Concord Litho is a $42 million Northeast printing firm with 170 employees, six presses, full-service bindery, mailing and fulfillment services center, and a Fundraising Division that caters to non-profit organizations (including strategic planning and creative design). Its Direct Mail Division is powered by heat-set web presses with extensive in-line finishing, including inkjet imaging of names, addresses, barcodes, and other variable data, while its Sheetfed Division annually produces more than a million large-format point-of-purchase displays up to 64 inch and more than a billion greeting cards.
Founded in 1958, Concord Litho, which is wholly owned by brothers Tom and Peter Cook in Concord, N.H., serves national clients, including TV Guide, Rodale, Publishers Clearing House, TD Bank, Dunkin Donuts, and the World Wildlife Fund. Concord Litho is one of 30 firms nationwide to earn G7 Master Printer status for both sheetfed and heat-set web printing.
“Coupon use is skyrocketing thanks to the recession, and we’ve found our largest variable data projects are leveraging the increased trackability of barcoded coupons, combined with the ability to include relevant, personalized offers to various segments in the customer’s database based on factors like age, gender, location and past purchase history and preferences,” explained CEO Peter Cook. “A recent project for a major big box retailer involved printing more than 3 million trackable coupons that were imaged and perfed inline on one of our heat-set web presses; another included inkjetted information customized with local store locations, hours, and contact information.”
“A major grocery client is really taking advantage of the ability to provide customized offers and coupons based on household income and geographic location,” he added. “Putting the right coupons in front of the right people at the right time to drive redemptions . . .they’re getting solid results by optimizing their communications this way.”
While Cook said he doesn’t believe the use of direct mail will be expanding this year, he does feel it is maturing to a degree that is good for the industry. “We are innovating to hold onto the direct mail business that we currently have from our customers,” he noted. “We’re not adding color to all our pieces, but we are personalizing throughout the pieces, adding barcodes and QR codes.”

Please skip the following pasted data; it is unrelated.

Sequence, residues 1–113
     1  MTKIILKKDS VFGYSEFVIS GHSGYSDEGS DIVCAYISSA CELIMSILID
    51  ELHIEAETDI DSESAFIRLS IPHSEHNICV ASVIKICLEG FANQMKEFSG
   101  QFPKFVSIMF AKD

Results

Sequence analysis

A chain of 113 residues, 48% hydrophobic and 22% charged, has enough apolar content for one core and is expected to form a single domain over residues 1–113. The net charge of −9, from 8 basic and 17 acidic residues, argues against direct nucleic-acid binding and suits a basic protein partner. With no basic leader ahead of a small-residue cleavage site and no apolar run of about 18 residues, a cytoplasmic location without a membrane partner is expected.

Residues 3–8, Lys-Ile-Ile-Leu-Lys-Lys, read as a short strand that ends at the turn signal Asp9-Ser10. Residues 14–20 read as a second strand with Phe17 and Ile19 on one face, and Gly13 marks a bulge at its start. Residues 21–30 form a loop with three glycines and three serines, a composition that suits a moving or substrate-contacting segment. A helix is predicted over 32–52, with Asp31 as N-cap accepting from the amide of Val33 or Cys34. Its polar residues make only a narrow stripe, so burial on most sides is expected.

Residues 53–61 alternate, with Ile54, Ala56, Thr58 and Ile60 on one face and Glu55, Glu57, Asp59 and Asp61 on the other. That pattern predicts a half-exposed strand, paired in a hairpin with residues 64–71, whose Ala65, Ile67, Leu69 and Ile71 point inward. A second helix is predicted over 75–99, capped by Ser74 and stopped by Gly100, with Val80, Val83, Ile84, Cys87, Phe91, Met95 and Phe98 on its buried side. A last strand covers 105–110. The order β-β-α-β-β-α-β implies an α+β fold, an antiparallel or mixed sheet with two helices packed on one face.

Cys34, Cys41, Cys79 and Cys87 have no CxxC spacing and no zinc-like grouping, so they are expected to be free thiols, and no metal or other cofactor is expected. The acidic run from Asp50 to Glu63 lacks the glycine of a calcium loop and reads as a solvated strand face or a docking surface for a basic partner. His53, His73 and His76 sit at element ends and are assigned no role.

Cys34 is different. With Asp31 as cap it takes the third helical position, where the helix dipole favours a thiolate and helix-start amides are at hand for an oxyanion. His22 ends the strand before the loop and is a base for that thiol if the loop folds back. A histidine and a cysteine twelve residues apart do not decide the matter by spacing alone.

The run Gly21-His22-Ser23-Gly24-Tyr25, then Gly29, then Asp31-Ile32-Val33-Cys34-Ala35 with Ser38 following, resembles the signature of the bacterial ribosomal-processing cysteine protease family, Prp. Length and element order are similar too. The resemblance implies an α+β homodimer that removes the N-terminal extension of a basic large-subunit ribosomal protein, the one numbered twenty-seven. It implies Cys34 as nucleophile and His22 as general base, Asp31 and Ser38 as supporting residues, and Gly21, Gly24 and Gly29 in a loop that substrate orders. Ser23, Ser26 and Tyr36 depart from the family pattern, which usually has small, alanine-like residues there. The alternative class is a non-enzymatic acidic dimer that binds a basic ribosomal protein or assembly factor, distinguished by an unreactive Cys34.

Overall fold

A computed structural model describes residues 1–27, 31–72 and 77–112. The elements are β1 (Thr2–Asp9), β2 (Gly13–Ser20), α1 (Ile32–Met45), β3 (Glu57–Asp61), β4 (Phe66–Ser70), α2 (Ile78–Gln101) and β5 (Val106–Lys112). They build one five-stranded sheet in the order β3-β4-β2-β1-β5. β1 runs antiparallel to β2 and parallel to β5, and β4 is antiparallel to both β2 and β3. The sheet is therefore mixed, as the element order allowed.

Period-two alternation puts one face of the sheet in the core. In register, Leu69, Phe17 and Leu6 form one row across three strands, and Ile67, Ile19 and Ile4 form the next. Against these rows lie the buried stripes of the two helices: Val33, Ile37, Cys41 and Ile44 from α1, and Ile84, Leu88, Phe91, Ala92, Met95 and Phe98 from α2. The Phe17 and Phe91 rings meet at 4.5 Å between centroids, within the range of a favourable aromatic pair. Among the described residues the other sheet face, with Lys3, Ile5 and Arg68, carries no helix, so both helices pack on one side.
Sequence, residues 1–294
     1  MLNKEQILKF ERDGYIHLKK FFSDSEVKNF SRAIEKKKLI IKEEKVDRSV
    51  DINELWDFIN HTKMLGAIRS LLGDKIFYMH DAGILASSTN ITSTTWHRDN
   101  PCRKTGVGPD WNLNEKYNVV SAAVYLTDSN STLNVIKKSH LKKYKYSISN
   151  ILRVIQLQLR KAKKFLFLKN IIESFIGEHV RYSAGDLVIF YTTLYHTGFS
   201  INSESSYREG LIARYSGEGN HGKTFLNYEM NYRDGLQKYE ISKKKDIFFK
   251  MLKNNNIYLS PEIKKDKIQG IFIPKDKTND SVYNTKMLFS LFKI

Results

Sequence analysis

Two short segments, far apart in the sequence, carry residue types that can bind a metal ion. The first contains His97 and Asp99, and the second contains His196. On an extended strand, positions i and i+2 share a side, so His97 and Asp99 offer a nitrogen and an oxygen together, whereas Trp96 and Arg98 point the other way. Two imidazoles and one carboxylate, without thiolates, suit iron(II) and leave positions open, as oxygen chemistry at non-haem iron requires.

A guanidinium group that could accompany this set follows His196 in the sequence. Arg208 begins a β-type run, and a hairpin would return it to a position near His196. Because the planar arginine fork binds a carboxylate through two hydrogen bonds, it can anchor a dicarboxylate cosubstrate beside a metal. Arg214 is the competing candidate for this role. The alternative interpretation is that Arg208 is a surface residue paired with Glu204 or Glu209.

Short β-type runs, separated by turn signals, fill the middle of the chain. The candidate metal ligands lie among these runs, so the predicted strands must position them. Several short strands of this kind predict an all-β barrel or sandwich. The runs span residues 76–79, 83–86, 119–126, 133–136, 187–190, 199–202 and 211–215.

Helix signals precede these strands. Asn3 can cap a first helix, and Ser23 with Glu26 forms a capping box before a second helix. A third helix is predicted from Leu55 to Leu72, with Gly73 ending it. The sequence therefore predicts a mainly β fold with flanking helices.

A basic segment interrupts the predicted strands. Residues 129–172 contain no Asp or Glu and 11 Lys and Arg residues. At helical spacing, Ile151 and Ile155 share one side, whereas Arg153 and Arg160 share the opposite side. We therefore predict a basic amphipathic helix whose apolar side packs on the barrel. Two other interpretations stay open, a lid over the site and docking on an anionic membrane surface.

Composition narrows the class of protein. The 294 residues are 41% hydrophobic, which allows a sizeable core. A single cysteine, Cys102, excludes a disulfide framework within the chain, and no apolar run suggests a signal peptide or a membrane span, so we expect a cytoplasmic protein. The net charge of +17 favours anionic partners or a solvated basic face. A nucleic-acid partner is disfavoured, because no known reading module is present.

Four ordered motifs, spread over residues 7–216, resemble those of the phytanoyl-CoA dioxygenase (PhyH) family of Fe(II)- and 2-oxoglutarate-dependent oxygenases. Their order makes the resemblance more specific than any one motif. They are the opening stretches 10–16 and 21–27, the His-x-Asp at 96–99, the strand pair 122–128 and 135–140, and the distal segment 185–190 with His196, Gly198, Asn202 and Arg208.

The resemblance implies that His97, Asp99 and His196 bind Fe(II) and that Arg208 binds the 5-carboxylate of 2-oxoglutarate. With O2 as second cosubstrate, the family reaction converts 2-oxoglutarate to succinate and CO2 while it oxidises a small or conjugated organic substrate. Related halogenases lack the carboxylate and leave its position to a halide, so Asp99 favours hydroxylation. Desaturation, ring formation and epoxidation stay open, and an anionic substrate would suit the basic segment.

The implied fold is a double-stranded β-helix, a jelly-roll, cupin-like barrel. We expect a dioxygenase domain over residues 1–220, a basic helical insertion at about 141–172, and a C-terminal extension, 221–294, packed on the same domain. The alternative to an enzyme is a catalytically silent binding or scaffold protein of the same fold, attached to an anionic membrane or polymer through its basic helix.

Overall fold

“We service two markets,” explained Cook, “commercial business and non-profits, and we also have a large-format press for point of purchase posters.”
Cook noted that his tactic with clients is not to tell clients how to design and create their direct mail pieces but to offer recommendations to improve response rates based on what works. “We offer creative recommendations,” he explained, and it appears to work since his business has remained steady in an extremely challenging year for the printing industry.
Concord will continue to expand in 2010 after a “decent year” in 2009, he said. “We’re planning to add lettershop and personalization equipment this year.” Personalization and segmentation are key advantages for Concord Litho’s non-profit clients, too, he added. “It’s a powerful, cost-effective combination of test strategy, data, inkjet, and traditional print.”
In December 2008, the company added inline inkjet imaging. This $2 million investment meant Concord could now image and address high-volume direct mail and marketing projects inline on its heat-set web presses, saving time and money—and opening new opportunities for affordable personalization, segmentation, campaign tracking, and testing.
Powered by a Kodak Versamark DS 6240 Printing System, the company’s new inline inkjet equipment allows it to image 25.5 inches per project in one color at a 240x240 dpi fidelity, with no slowdown in speed; print a variety of text, graphics, charts, barcodes, autonumbers and tables throughout a printed piece (both sides may be imaged); and print variable messages and images based on selective or conditional logic in a database (for example, one graphic for men and another for women on a mailing list, or print a barcoded coupon offer based on a customer’s most recent purchase).